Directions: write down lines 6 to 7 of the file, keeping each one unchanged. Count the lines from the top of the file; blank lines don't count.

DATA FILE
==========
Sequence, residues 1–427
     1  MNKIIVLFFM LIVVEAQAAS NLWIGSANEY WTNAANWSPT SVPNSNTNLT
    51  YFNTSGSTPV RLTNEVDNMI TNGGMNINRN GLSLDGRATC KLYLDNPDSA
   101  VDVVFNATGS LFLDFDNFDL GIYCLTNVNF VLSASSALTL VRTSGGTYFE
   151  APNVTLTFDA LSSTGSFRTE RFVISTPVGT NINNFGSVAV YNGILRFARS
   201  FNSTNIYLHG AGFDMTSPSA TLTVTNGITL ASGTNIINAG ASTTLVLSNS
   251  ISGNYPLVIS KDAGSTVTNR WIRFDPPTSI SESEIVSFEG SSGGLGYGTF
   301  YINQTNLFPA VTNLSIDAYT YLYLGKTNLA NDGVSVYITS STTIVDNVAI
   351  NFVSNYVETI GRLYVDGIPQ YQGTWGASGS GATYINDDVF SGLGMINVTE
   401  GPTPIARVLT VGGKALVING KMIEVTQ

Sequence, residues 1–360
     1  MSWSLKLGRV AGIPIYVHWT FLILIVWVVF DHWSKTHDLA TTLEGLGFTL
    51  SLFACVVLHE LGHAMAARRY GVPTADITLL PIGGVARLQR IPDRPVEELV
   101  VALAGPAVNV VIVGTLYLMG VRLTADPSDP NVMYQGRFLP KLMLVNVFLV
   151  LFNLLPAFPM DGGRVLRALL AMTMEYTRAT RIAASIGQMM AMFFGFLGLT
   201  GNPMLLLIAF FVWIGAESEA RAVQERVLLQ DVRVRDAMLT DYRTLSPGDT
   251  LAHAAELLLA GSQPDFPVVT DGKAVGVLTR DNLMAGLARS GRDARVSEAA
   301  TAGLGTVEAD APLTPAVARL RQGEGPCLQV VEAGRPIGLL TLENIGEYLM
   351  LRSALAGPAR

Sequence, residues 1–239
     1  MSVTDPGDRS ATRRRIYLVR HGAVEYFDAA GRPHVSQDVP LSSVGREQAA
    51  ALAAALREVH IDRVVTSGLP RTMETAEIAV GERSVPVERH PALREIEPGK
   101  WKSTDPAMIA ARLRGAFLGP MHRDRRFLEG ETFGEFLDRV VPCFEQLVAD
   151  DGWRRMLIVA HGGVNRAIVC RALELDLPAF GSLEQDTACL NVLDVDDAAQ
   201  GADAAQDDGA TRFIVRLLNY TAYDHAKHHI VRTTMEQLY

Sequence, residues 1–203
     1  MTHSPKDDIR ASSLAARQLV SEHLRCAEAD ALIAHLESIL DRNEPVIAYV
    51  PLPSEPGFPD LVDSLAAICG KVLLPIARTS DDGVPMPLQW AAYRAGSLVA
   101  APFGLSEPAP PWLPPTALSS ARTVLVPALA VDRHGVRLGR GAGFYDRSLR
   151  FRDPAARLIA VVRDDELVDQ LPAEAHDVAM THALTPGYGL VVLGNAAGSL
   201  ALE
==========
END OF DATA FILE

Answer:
   201  FNSTNIYLHG AGFDMTSPSA TLTVTNGITL ASGTNIINAG ASTTLVLSNS
   251  ISGNYPLVIS KDAGSTVTNR WIRFDPPTSI SESEIVSFEG SSGGLGYGTF